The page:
Between Rain and Storm…

Between rain and storm, we had a beautiful afternoon and, although we didn’t manage to “carpe” the entire “diem” we made the most of what came our way.

Several trees in the garden are at the best of their autumn colour but that foliage will most certainly be gone by tomorrow. Storm Callum is about to arrive, prompting an Orange Weather Alert for winds of 130kpm and danger of flash flooding. Fortunately, we are not in the most threatened corner of the country and will, hopefully, escape relatively lightly.

Nonetheless, it was an afternoon to enjoy what colour there was in the garden for tomorrow it could well be gone.

Parthenocissus henryana
Parthenocissus henryana overhanging a garage window – discovered by Dr. Augustine Henry in China in the late 1800s and introduced by Ernest Wilson. I haven’t noticed many comment that this plant has an attractive fragrance as the leaves colour – must like Cercidiphyllum japonicum
Euonymus planipes
Even by mid-afternoon, Euonymus planipes was already looking somewhat lightly clad with leaves falling all the time. It will be bare tomorrow
Cladrastic kentuckea
Cladrastis kentuckea, American Yellowwood, turns to a rich buttery yellow, especially beautiful when caught in the sunshine – fabulous and short-lived.
Euonymus on patio
Euonymus europaeus, Spindle Tree, always gives a fiery autumn display
Koelreutheria paniculata (1)
Koelreuteria paniculata, the Golden Rain Tree, has had an exceptional year as, thanks to the unusually hot summer, it produced an exceptional amount of flower, followed by the bladder-like seed capsules and now it has coloured fabulously for autumn.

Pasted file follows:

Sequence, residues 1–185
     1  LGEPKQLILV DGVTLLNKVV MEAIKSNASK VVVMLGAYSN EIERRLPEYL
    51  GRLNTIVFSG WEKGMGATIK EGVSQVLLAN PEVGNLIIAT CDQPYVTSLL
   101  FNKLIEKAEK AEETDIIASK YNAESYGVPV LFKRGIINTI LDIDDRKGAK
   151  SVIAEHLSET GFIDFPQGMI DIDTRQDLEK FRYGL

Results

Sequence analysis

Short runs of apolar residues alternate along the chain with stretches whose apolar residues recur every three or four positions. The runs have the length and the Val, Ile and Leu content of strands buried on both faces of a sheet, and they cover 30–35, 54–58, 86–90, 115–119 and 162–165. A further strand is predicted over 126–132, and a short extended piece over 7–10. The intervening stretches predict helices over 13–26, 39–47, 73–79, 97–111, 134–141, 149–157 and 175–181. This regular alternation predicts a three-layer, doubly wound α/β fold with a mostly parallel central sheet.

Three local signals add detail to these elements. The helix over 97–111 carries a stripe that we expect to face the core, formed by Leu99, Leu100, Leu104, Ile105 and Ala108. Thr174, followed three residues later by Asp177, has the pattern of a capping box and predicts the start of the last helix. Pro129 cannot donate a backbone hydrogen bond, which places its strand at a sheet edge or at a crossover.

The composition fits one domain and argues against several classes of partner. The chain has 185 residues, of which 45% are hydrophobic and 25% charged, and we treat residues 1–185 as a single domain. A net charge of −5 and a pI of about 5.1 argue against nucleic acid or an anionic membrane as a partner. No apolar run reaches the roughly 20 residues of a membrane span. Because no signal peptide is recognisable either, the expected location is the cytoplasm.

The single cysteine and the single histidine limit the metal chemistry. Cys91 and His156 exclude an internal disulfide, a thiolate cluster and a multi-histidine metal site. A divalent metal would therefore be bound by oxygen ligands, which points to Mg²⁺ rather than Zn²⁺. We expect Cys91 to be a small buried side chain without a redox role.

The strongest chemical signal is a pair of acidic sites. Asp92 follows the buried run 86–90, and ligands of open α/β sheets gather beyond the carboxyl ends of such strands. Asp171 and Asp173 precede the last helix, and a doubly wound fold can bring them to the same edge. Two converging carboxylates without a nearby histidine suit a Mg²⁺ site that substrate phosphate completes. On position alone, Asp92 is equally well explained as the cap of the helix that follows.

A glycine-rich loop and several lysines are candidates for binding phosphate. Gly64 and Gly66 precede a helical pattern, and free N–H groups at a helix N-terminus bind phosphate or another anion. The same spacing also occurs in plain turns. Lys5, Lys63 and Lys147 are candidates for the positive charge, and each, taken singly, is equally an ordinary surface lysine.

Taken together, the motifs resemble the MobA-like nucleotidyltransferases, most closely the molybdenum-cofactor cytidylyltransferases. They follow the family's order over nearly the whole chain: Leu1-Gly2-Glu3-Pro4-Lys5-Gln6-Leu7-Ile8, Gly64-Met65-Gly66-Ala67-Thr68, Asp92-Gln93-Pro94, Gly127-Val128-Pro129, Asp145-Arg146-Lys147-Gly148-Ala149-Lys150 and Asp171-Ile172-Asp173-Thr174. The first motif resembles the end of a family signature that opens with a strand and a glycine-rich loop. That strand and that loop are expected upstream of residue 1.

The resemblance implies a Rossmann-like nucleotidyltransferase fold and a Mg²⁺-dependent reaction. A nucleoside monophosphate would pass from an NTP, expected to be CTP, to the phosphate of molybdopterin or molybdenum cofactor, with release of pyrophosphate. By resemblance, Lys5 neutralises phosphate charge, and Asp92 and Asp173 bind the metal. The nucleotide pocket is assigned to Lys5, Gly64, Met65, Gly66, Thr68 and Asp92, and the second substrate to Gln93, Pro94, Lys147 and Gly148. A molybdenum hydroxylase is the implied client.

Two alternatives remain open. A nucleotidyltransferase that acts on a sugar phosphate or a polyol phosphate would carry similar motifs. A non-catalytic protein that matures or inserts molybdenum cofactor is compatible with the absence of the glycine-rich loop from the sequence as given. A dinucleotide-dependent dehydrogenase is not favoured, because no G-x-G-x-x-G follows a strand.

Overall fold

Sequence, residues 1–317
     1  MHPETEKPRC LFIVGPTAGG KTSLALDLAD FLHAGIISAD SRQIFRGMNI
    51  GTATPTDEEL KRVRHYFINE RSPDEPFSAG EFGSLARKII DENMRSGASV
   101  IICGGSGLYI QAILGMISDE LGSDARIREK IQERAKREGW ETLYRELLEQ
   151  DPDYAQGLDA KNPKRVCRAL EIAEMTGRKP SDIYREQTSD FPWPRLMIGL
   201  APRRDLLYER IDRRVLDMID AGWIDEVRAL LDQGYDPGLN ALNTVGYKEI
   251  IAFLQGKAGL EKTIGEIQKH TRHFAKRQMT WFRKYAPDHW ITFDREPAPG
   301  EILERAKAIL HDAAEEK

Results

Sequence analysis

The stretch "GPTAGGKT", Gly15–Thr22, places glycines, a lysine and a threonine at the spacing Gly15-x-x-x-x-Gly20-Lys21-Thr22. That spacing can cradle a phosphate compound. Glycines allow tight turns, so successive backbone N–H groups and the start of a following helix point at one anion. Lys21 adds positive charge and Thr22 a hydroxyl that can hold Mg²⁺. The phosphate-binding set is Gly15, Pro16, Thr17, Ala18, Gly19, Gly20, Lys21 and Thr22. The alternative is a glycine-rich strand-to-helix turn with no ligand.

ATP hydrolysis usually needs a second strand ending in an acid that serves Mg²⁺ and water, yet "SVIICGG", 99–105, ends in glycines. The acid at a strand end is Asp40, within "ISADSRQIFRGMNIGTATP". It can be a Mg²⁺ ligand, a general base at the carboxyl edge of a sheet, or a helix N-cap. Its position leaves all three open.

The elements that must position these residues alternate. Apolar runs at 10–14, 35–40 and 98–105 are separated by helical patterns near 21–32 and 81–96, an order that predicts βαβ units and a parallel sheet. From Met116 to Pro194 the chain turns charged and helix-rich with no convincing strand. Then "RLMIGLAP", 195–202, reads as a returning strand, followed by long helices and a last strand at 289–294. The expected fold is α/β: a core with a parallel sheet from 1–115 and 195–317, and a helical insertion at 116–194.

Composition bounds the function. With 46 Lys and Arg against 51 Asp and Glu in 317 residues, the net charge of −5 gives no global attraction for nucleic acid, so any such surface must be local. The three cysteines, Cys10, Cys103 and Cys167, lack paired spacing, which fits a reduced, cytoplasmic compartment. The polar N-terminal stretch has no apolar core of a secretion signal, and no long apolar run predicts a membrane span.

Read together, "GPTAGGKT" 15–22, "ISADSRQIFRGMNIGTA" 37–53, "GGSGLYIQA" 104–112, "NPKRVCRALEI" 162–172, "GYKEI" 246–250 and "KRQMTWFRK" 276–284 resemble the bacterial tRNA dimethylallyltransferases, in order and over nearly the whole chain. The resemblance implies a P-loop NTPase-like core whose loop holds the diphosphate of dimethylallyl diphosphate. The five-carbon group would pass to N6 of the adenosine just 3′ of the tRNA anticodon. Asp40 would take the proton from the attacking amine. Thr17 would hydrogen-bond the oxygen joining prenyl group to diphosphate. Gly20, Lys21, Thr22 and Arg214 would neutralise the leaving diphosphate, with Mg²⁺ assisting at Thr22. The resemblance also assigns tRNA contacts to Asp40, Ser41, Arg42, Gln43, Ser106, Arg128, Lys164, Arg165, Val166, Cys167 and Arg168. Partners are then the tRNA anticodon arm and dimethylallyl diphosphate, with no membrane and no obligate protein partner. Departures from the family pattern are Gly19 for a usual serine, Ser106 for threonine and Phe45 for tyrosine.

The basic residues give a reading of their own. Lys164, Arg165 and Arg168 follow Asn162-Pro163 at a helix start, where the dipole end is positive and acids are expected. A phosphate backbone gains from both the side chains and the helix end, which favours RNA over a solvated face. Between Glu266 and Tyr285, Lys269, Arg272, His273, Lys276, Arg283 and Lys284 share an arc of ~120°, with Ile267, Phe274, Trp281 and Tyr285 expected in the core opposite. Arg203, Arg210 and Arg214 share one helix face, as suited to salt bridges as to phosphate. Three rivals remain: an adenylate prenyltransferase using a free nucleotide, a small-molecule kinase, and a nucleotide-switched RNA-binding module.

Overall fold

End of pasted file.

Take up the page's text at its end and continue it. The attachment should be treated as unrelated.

Cercis silaquastris 'Forest Pansy'
Cercis siliquastrum‘Forest Pansy’ has exceptionally beautiful summer foliage but follows with equally attractive colours in autumn
Crataegus prunifolius (1)
Crataegus prunifolius, The Cockspur Thorn, produces its autum colour early and has now almost lost all its foliage but the display will continue with the generous crop of haws.
Crataegus crus-galli (2)
Another Cockspur Thorn, Crataegus crus-galli, gives an equally colourful autumnal foliage display followed by a great crop of haws. Note the vicious thorns!

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Besides, enjoying the colour and taking photographs, I also did a few odd jobs and a speedy run about with the lawnmower to keep the grass in trim so as not to face high grass in spring when the ground is wet and soft. Gardening, as you may well know, does involve some work!




4 thoughts on “Between Rain and Storm…

  1. Beautiful pics, Paddy! I wish more people would plant Koelreuteria. It’s such a good tree. Although — having said that, we lost a big limb on one of ours during the last storm (pre-Callum), and had to fell the whole thing. But, I think that may have just been a fluke. It had a bad junction in the trunk, as it were.

    Liked by 1 person

    1. It’s always good but this year it was exceptional with a very heavy flowering and a great set of seed afterwards. Good autumn colour also now….soon to be gone, unfortunately.


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